If you're mixing flooring throughout your home, you'll want to be sure that the undertones match. If you find wood, tile, or carpet with similar undertones, everything should blend together nicely, not feeling abrupt or out of place. Rule of Two.
Put simply, the answer to the question do wood floors have to match room to room, is entirely one of personal choice. You can choose to have different flooring in each room if that works for you, but synergy and flow from selecting one central flooring material can look wonderful too.
While some people think that they should match the floors throughout their homes for a sense of uniformity and space, it is unnecessary to do this. At Classic Floor Designs, we recommend that you consider mixing different types of wood on the floors throughout your house for a stunning result.
Mixing different types of hardwood floors throughout your home can help you achieve a rather stunning effect. The key is to blend the hardwood floors the right way. On the other hand, many argue that using the same hardwood floor in every room in the house will ensure a better sense of uniformity and space.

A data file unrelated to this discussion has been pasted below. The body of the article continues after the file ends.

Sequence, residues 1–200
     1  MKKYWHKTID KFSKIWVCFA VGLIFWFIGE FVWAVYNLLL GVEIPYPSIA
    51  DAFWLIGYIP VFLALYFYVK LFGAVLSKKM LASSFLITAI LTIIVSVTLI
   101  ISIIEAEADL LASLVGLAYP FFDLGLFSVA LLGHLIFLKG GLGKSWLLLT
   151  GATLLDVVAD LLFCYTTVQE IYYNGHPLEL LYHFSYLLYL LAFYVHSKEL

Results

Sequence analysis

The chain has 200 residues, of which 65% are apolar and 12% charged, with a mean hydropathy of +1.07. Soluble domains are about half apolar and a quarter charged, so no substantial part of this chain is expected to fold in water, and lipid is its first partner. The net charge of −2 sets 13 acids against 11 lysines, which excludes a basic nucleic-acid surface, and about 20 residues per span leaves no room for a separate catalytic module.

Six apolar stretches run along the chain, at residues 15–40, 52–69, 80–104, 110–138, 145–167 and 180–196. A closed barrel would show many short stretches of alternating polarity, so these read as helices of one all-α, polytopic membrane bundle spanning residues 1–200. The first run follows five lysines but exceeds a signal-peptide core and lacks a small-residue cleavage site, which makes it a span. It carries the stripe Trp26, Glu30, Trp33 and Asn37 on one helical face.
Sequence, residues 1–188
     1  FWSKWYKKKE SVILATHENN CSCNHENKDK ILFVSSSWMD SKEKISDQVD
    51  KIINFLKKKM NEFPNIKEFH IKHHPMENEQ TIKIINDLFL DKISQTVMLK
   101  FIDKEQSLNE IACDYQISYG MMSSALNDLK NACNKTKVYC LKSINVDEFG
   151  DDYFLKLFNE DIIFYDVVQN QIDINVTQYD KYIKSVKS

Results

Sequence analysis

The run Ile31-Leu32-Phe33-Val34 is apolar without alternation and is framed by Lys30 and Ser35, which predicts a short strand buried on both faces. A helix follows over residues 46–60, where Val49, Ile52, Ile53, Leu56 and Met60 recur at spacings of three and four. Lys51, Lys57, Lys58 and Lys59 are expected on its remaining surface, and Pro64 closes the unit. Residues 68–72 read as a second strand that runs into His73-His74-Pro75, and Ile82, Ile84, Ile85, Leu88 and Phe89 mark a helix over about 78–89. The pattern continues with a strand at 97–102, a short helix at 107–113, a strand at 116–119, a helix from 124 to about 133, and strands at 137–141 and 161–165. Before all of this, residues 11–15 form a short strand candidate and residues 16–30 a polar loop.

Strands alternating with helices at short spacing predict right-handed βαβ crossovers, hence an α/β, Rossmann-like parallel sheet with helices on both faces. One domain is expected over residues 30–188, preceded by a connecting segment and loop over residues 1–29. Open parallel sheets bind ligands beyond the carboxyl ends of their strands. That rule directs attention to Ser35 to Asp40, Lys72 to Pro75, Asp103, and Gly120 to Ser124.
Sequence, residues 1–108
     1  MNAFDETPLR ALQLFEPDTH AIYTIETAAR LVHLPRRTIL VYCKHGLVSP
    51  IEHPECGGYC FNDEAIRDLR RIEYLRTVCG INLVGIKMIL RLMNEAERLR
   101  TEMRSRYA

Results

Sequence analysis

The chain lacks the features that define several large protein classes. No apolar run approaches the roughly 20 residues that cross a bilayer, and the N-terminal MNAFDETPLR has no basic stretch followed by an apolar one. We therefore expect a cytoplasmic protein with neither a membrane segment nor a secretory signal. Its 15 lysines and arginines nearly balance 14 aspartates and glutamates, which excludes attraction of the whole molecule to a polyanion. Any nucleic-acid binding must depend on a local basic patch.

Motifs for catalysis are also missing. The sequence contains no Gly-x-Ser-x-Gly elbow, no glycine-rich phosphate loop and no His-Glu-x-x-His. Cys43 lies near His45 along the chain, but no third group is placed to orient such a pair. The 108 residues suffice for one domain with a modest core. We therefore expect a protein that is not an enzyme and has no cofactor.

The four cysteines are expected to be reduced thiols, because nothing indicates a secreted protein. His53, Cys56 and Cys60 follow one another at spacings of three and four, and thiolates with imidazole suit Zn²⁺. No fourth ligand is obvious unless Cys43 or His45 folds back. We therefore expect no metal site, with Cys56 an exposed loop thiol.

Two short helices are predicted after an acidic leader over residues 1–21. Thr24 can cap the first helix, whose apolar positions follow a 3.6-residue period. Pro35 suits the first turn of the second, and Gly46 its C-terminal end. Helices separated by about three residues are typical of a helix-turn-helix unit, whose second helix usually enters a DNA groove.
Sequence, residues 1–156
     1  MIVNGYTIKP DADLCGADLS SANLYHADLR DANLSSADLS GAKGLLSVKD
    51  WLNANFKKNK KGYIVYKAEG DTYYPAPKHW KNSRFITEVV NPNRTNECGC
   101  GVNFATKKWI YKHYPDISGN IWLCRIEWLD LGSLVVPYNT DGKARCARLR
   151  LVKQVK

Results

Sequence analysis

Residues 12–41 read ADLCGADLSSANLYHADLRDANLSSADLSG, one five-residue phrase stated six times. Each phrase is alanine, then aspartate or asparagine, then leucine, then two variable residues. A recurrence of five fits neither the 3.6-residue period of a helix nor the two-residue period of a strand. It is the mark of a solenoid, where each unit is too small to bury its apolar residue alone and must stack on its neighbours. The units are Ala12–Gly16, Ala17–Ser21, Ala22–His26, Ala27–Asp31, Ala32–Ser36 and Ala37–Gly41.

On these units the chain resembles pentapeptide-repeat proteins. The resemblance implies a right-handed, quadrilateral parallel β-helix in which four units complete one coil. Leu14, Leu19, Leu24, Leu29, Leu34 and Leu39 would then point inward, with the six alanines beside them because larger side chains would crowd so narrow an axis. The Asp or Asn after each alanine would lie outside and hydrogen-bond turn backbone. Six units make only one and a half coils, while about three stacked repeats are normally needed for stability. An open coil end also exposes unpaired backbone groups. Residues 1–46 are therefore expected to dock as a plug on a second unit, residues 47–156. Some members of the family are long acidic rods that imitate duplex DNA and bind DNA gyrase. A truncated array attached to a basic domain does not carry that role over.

It is perfectly acceptable to use multiple styles of flooring throughout your home from room to room. Typically, living rooms and bedrooms are carpeted from wall to wall. But, you can successfully enjoy bedrooms with floors that are different from common areas and other rooms.
The big question is, should flooring be the same throughout the house? The quick answer is YES! Using the same flooring throughout ties rooms together, improves flow, makes the home seem larger, simplifies cleaning and maintenance, and is often easier on the budget.
Many home experts agree that the floor color should be darker than the walls. The rule generally applies because lighter walls and a dark floor make the room seem larger. Most homeowners prefer a spacious looking interior. However, the rule can change with low ceilings.
Can you mix two different hardwood floors side by side? Yes, you can mix two different wood floors side by side. However, whenever homeowners have two different hardwood floors adjoining each other, they often try to match the colors for continuity in visual aesthetics.
Hardwood floors are one of the best flooring options for homeowners looking to increase the resale value of their home, with hardwood typically yielding around a 75% return on investment.
American maple hardwood flooring is a classic, and is a solid investment as it has great longevity – not just in actual terms because of its durability – but because it is a popular choice that is unlikely to go out of fashion.
When laminate or engineered flooring is involved, try and match the faded tones of the existing floor to new products being installed. Gather samples with different intensities of the same color, then pair them with the existing, faded floor. Choose whichever sample is closest in color to the existing floor.